13. Kevin B says:

    I hope that this gets to you, Jeanne. My daughter has enjoyed your first three Penderwicks books and we can’t wait for book 4 even though she’ll be 15 when it’s released and 17 – 18 when the fifth book comes out. It hurts to think that “bad things” were done to you as a child and my heart goes out to you as I know what it takes to trust and love again. It’s your determination to create not only a positive message and characters, but rich and complex characters that we love. We, as a family, keep checking your website to know when the next story will be out. It’s OK, take your time. We’ll wait but know that there are people who appreciate you and your talent very much and can’t wait to share in what your imagination will create.

  14. Kevin B says:

    I hope that this gets to you, Jeanne. My daughter has enjoyed your first three Penderwicks books and we can’t wait for book 4 even though she’ll be 15 when it’s released and 17 – 18 when the fifth book comes out. It hurts to think that “bad things” were done to you as a child and my heart goes out to you as I know what it takes to trust and love again. It’s your determination to create not only a positive message and characters, but rich and complex characters that we love. We, as a family, keep checking your website to know when the next story will be out. It’s OK, take your time. We’ll wait but know that there are people who appreciate you and your talent very much and can’t wait to share in what your imagination will create.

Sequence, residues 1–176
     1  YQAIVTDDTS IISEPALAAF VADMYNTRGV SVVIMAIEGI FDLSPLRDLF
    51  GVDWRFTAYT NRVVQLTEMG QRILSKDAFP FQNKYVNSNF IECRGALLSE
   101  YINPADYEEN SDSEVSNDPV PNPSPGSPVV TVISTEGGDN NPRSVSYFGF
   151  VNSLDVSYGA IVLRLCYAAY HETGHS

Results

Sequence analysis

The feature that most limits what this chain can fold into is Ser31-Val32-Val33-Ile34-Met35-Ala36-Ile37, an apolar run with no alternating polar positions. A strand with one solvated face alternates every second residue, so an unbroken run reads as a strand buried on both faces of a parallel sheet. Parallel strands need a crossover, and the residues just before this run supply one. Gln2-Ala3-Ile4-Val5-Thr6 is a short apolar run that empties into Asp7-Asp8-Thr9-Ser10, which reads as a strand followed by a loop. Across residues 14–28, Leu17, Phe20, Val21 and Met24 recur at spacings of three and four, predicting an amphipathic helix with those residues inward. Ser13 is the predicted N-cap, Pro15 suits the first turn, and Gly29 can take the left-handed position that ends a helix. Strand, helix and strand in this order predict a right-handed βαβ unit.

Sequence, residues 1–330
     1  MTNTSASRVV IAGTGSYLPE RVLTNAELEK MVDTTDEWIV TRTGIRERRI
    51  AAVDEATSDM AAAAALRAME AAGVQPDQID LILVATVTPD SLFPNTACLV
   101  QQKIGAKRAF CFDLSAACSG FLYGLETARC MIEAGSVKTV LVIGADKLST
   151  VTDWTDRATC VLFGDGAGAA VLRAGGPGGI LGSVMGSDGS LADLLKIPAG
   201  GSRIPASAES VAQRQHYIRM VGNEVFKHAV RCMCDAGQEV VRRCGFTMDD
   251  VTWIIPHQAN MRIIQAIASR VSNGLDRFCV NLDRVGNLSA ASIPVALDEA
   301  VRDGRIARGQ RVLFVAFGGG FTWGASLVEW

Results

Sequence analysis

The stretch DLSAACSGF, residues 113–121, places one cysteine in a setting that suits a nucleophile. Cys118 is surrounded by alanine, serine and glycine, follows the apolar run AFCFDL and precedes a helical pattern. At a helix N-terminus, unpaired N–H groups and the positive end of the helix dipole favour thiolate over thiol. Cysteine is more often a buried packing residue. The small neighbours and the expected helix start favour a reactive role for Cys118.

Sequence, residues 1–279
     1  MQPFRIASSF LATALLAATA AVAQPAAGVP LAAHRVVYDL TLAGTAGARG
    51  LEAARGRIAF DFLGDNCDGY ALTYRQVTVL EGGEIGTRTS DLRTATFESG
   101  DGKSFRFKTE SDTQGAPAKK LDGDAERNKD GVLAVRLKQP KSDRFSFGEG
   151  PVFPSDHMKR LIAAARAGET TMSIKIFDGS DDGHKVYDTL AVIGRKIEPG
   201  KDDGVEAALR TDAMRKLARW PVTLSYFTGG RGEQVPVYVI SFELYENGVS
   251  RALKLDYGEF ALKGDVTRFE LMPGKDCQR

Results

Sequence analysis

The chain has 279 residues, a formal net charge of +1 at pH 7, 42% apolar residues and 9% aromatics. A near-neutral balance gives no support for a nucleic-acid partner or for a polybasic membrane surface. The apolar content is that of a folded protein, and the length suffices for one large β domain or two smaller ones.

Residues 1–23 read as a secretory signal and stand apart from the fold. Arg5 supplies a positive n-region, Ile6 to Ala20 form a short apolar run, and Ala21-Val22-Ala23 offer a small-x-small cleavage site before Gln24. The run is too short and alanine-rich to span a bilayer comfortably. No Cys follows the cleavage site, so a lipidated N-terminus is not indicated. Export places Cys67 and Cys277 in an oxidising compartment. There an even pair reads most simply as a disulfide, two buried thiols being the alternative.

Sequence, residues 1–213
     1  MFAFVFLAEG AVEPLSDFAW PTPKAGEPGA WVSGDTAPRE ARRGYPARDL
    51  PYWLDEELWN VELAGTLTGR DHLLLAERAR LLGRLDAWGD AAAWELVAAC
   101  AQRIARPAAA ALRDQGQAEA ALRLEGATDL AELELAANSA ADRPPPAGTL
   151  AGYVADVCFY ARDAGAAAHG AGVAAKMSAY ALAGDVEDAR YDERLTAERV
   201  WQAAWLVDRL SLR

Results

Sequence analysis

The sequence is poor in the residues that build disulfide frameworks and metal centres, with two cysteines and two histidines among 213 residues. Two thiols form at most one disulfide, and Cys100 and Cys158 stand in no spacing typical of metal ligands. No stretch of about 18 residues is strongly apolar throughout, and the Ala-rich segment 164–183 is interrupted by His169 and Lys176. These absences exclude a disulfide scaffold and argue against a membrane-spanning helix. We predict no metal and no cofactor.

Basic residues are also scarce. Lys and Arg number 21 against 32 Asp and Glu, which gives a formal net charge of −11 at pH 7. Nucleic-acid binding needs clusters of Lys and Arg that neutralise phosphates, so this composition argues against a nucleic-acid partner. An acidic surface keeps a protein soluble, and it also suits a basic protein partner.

15. Hello,
    I loved this article. My daughter discovered the Penderwicks when she was in about 3rd grade, declaring wistfully, “I wish that I could BE in that world!” The three she has have been read, reread, and read again, to tatters. A sixth grader now, she came skipping down the stairs today jubilant because she’d just remembered that it’s only another month before the fourth one comes out. Thanks for all the joy and comfort you’ve brought her with this delightful series, and extra thanks from me for the appropriate way you handle “adult” themes as your characters encounter them. I myself grew up with the many other books you mention (Betsy Tacy, Little House, Edward Eager, Borrowers) but this particular kid of mine prefers books that are more modern and real, and she finds exactly the kind of magical transport in yours that I did in those others at her age. I am so glad that she has something smart and engaging that isn’t (as so much YA is) steeped in terror. Thanks again!

    Thanks again!

  16. Sandy Scherer says:

    I’m a little late to this discussion, but the post is right on time for me. After struggling for years to figure out where my passion for writing might find a home, this post helped me find it. I only wish my parents had been readers. I stumbled upon a few books during the nightmare years of middle school that floated me off to a happy place inside my head, but I didn’t know where to find more. As I read the article, tears filled my eyes and my heart swelled into my throat. I knew I’d found my passion. Thanks so much for your openness, Jeannie.